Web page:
December 10, 2023 | Rome, Italy

A traveler’s advice

By |2022-12-28T17:05:12+01:00December 23rd, 2022|Passport|
Painting by Hungarian artist Pál Böhm.

have celebrated Christmas in seven states and seven countries. Sadly, my family is now gone, wife and child, a story that would take a book, and for years I’ve had to spark whatever revelry I could muster on my own, alone. Sometimes it has been an onerous task.

I remember celebrating together. Of course, never the religion, as none of us, especially me, was religious. We would celebrate a more important concept, us.

I also recognize that I have been lucky to see Christmas sights others only dream of.

I have skated under the Christmas lights at Rockefeller Center in New York City, and wondered at the fairyland of light that was Colmar, France. I have heard Christmas chants in the cathedral at Köln, and the single bell chime rung at San Miniato in Italy. I have listened to the prayer wheel tinkle at the Monastery at Pema Tsal and the choirs at Westminster Cathedral sing the original, German version of “Silent Night.”

These experiences span my decades, during which wars — Vietnam, Iraq, Afghanistan, and others, even the Cold War — raged on. Africa has been plagued with endless guerilla wars, and countless skirmishes in places like Timor, Nepal, and Kashmir go on without the world noticing much.

Now there’s the Ukraine war.

Make your world small. We can do nothing about the grand things. A castle is difficult to defend, but a home less so.

There are also newer, more valiant wars, the war on drugs, the war on crime, the war on cancer, etc. Some wars are evidently good, an unexpected revelation.

Beneath all times, clicking like an eternal metronome, is the annual statistic of each year about three million children dying of starvation, this year, last year, next year, every year. Peace on Earth is a goal always to be pursued but a destination never to be reached.

The celebrations I have been lucky enough to join, and the beautiful sights I have witnessed, have occurred during these turbulent times. In a way, this must always be so since times are always turbulent, a lesson in life old age hammers home.

What my experiences have taught me about this unique time of year is not worth a farthing but I will give it to you anyway. Consider it my seasonal gift.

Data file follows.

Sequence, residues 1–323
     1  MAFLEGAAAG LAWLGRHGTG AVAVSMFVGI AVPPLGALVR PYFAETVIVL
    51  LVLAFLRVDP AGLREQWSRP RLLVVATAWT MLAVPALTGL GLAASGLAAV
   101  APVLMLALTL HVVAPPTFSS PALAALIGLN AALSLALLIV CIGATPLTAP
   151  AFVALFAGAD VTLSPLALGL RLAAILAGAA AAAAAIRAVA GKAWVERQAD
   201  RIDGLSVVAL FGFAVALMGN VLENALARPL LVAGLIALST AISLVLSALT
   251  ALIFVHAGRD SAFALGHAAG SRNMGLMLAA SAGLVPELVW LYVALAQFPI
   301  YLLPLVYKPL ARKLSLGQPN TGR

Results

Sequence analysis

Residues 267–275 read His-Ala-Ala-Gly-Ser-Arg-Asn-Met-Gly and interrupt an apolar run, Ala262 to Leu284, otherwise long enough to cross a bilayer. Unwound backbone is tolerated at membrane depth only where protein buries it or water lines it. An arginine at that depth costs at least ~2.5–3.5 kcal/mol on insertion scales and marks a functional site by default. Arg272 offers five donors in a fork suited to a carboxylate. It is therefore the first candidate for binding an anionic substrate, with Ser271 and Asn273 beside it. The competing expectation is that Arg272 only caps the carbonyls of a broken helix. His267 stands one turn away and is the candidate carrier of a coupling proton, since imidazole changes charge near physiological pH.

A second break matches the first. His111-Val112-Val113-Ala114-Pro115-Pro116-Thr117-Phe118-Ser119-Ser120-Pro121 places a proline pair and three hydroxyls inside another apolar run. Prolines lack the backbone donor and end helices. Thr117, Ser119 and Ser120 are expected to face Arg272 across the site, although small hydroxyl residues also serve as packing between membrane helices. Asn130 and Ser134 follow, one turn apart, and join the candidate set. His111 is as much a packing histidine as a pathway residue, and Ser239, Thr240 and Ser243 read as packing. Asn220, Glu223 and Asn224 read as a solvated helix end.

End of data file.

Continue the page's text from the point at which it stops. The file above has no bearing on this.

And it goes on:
Make your world small. We can do nothing about the grand things. A castle is difficult to defend, but a home less so.

In many places, I have had to visit as if I were from another planet, open to what I see and hear, but protected from the sharper voices and uglier sights. Within my heart and mind I keep warm my friends, and protect the small space I have in this world. It is true that to some extent my approach insulates me, but turbulent times demand nothing less, and times, as I have already said, are always turbulent.

Find hope with your family. If you’re like me and have none, join your friends. Reach out. We cannot solve the big problems, but we can see Joe home after he’s had too many, and give Alice a hand when she needs to move that armoire, and mow a neighbor’s yard when she’s ill, and look for your daughter’s cat at one in the morning, and even, as monumental as it is, let your husband load the dishwasher the wrong way.

May this season remind you of all this and more, and may others feel the same way about you. May you not feel alone in this beautiful time that falls so hard on so many, and if you know of someone who does, reach out.

Your world need only be an arm’s length wide, but within your grasp you can hold a life, and one day, it might be yours.

Merry Christmas.

About the Author:

Henry Bennett first saw clouds up close when he was 3 years old, on a flight from Los Angeles to New York City in one of the first commercial jets to cross the continent. He has lived in Maui, Hawaii for the last 23 years but still travels far and wide. He wishes people would read more. His latest book is "Brother Mary Michael," published in January 2021.